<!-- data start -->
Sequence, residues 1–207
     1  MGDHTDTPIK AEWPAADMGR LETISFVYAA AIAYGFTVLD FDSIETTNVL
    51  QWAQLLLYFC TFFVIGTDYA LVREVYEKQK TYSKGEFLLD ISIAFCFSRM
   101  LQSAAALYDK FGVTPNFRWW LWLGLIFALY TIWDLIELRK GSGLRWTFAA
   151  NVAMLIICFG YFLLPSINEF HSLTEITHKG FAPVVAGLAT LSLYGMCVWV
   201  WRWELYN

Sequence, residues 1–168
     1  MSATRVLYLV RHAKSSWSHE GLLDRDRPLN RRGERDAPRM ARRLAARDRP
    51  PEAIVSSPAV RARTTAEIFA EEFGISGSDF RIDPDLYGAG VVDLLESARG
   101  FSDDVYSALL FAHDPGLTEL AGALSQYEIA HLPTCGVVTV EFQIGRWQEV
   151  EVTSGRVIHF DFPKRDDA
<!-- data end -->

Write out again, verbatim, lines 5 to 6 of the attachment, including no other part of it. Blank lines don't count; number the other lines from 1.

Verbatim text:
   151  NVAMLIICFG YFLLPSINEF HSLTEITHKG FAPVVAGLAT LSLYGMCVWV
   201  WRWELYN